You may recall that Gehrig also earned his nickname as "The Iron Horse" by playing in a record 2,130 games before succumbing to a bizarre muscular disease that eventually was named in his honor. His record for that playing streak lasted 56 years until Cal Ripken Jr., kept going and going before snapping it in 1995.
Nothing against Ripken Jr., but Gehrig remains the standard bearer for that record, too.
Wednesday, May 04, 2011
Miracle Whip vs. Mayonnaise: MLB Style
A blogger is a blogger is a blogger. The format lends itself to opinion, not to reporting. I try to remain as objective as possible on here, but I don't always succeed (hopefully I will be able to pull it off this time). Unfortunately, some sites have "columnists" and that can lead to confusion. At least until the columnist goes off the deep end and shows themselves as morons. This time it was Terrence Moore at MLB.com, who has decided that record holders without "zing" don't get to be the ones that are recognized.
What "zing" might look like
I am not going to get into the argument about if Alex Rodriguez having the career grand slam record (he is one away, and odds are he'll beat it eventually) or Barry Bonds having the most career home runs can be legitimately questioned with the proof of their using PEDs (mainly because I am not sure how I feel about this one), but his argument that Cal Ripken Jr. plays second fiddle to Lou Gehrig when looking at the consecutive games played record because Gehrig had the "it factor" that Ripken lacked is just asinine. Yes, Gehrig was a freak of nature and one of the greatest players ever, but just because he wound up dying from a disease through no fault of his own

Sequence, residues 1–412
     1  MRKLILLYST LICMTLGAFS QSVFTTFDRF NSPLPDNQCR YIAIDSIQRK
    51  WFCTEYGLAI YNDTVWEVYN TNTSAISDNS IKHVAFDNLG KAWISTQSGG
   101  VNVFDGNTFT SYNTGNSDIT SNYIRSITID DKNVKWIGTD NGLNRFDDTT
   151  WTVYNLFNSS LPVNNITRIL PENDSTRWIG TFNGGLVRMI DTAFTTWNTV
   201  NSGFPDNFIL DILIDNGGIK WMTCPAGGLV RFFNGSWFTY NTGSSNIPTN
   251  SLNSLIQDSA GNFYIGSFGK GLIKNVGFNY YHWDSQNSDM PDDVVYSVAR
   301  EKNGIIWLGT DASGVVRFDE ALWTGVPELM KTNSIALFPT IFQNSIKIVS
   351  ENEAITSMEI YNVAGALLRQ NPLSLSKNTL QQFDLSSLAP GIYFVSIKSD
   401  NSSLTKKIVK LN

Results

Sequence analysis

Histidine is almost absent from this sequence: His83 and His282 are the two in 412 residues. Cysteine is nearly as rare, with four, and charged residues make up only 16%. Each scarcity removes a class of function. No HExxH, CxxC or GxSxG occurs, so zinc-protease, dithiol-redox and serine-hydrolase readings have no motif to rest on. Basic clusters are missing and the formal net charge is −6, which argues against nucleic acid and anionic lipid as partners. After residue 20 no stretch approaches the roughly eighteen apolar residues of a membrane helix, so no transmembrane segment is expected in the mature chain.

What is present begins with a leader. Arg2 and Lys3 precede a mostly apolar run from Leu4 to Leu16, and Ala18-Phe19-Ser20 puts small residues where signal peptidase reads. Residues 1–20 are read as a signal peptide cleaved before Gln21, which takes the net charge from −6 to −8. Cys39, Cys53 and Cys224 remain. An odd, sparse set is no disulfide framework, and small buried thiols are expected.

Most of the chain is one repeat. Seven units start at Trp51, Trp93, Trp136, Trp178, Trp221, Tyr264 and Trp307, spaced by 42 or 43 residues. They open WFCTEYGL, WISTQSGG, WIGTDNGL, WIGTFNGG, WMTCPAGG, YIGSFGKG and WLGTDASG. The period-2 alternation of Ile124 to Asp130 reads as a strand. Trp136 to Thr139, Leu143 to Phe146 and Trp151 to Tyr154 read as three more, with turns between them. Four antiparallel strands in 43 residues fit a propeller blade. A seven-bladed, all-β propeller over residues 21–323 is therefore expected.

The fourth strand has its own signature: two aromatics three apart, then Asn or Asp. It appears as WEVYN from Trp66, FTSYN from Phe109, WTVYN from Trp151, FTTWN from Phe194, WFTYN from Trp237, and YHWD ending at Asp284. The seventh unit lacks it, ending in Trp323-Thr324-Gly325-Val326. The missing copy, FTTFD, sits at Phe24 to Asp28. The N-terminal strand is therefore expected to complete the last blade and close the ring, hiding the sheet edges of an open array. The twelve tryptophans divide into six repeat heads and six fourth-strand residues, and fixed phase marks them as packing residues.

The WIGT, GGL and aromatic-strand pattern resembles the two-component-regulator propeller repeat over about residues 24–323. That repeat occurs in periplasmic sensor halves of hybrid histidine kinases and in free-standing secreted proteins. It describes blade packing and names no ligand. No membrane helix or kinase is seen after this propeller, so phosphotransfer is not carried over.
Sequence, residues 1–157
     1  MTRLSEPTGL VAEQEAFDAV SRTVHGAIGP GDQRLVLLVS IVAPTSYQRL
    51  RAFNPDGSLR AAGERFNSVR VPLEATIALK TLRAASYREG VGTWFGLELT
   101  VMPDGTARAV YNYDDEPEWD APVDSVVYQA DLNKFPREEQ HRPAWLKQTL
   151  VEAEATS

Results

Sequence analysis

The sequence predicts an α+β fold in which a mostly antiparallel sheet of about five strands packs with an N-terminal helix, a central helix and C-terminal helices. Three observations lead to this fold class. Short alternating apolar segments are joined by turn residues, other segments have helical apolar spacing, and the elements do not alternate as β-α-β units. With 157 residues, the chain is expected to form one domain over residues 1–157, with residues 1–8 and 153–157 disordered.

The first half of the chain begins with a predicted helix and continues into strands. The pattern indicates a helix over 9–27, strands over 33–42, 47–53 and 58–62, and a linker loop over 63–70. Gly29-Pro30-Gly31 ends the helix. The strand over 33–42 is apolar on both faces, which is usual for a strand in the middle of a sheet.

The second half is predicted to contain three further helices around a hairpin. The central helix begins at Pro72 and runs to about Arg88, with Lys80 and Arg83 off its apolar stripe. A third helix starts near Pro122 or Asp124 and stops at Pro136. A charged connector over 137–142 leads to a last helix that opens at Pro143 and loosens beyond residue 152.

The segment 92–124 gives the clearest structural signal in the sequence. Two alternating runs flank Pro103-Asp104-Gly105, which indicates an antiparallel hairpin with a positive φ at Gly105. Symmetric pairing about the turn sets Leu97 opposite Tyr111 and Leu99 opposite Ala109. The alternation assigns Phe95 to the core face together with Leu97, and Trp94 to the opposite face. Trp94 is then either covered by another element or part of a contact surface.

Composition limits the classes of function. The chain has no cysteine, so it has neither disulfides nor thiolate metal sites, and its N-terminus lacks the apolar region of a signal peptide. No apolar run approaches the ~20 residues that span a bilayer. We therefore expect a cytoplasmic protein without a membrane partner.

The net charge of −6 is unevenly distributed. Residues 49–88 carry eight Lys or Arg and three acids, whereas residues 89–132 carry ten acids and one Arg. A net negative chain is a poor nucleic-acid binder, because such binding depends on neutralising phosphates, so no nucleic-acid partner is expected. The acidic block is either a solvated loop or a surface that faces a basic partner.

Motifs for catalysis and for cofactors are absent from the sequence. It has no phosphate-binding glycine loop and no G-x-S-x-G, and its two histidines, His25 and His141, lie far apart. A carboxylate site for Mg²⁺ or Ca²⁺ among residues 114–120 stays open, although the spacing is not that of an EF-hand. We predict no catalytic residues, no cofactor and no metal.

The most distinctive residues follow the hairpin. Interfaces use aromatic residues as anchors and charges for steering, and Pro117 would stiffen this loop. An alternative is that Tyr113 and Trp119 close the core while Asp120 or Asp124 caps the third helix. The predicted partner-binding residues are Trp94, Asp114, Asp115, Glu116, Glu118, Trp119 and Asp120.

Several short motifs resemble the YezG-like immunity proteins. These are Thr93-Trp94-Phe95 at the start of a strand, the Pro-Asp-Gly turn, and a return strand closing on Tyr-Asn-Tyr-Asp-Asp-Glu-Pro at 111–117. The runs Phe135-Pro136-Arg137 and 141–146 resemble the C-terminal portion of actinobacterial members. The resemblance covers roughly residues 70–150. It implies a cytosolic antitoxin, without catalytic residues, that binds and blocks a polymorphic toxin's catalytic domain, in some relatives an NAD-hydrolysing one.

Or WAS it?
That doesn't mean that Ripken's accomplishment was any less notable. Especially since he played a position that required more physicality (SS over Gehrig's 1B), and he had a lot more wear and tear in regards to travel (Gehrig never flew across the country, and most of his games were during the day).
In case you don't feel like wading through the ramblings of Terrence Moore, here is what he had to say about Ripken vs. Gehrig:
The fact that this man has a vote for who gets into the Hall of Fame is not comforting.
And on a personal note to Mr. Moore, if Joe DiMaggio, a teammate of Lou Gehrig, was cool with Ripken breaking Gehrig's record, maybe you should bite your tongue on this opining you are doing.